Cheese Revolution #5: Interview With Terra Foods Founder Ike Nakayama
The story of a vegan entrepreneur in Japan
Hello, Market Shakers!
After embracing veganism ten years ago, he realized Japan lacked alternative options for vegan people. So, he took matters into his own hands. After much trial and error in his kitchen, he came up with a konjac and soy-based meat substitute. Today, Ike Nakayama sells his products online, distributes them to food services providers and retailers and manages a food truck, a cafe, and has new products in mind.
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The lack of vegan options in Japan pushed Ike Nakayama to come up with his own.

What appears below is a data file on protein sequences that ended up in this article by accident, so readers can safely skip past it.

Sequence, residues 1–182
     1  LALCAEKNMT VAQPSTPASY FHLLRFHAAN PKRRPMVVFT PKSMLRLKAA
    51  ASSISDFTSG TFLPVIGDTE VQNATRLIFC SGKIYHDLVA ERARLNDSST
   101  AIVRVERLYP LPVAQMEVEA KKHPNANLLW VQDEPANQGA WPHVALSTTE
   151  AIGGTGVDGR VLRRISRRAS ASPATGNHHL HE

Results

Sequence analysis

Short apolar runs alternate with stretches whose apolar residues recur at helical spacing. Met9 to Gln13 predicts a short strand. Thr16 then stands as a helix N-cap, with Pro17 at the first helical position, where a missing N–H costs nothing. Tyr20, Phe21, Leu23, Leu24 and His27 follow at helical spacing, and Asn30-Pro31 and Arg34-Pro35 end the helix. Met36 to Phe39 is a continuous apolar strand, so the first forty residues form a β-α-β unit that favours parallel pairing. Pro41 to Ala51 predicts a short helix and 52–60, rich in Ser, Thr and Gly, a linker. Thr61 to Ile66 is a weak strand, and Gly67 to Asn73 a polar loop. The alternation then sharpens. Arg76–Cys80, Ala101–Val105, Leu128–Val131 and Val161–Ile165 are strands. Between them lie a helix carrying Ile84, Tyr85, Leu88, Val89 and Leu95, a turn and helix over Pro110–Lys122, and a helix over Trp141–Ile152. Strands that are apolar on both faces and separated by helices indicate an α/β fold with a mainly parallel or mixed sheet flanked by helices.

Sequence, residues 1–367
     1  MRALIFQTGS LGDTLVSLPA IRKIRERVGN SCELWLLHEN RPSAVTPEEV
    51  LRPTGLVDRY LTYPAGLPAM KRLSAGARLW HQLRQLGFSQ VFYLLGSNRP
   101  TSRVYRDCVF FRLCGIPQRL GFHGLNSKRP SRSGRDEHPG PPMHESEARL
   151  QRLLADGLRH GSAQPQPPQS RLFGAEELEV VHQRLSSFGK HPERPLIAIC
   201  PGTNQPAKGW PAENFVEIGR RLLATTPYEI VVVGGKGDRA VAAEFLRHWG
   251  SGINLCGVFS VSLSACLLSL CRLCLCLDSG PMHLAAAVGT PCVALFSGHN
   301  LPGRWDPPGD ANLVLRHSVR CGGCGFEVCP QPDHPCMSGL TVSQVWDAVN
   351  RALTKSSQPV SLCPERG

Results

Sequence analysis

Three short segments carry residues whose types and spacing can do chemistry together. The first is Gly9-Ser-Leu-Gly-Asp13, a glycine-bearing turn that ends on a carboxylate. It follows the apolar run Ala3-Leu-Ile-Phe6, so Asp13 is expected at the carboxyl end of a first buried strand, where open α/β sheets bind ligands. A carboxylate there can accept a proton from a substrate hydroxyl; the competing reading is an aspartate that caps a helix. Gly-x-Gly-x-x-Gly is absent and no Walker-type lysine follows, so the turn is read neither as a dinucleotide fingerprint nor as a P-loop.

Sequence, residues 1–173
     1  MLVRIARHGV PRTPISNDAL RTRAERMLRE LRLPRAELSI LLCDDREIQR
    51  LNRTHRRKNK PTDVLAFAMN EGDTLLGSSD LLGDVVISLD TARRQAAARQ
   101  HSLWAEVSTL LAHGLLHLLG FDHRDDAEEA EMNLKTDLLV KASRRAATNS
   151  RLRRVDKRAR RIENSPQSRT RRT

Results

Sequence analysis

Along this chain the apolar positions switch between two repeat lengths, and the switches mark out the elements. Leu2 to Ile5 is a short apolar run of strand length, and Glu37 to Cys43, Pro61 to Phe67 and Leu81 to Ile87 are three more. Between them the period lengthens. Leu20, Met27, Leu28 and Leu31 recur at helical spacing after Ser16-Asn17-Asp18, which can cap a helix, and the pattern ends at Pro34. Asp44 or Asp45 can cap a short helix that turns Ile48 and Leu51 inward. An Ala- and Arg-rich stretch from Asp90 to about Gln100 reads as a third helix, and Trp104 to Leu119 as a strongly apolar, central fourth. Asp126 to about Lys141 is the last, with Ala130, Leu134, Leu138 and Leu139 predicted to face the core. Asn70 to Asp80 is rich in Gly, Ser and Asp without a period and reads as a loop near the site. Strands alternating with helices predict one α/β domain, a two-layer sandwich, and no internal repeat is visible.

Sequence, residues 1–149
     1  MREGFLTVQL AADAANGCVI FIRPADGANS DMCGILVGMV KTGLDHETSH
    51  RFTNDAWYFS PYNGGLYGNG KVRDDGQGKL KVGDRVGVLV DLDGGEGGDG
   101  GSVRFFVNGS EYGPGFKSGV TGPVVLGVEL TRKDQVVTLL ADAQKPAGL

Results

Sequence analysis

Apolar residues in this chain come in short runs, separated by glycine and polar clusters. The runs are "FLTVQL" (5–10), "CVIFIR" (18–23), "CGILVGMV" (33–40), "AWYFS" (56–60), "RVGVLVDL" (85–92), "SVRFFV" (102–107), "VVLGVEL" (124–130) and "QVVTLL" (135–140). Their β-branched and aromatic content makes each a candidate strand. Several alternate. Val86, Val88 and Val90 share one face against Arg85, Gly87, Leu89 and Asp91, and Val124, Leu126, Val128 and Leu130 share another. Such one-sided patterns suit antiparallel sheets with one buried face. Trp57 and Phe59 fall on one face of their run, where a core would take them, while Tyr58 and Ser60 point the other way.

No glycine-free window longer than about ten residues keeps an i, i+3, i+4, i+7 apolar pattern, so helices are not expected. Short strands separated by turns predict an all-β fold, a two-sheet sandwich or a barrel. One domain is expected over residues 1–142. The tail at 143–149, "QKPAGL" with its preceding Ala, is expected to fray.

Ten years ago, Ike Nakayama embraced veganism but quickly realized that Japan had no options for vegan people. The lack of alternatives drove him to fill the gap by developing his recipes… from his very own kitchen.
At the time, it was challenging to find products. I joined a meetup group for vegans in Tokyo and realized how everyone had a hard time eating according to their dietary choice. So, I decided to experiment in my kitchen and got the idea to use konjac and soy protein as a substitute for meat. My first version of a vegan patty was successful!
So successful in fact that he applied for and obtained a production patent for his konjac-based “T-MEAT”. Based on the same patented technology, he has also developed vegan sausages under the brand name MARUDE Sausage and is currently developing other meat-substitute products. The company also sells other meat-substitute products such as the Marude Chik’n (nuggets & fillet type), Marude Cheese (block cheese), and a tempeh-type product.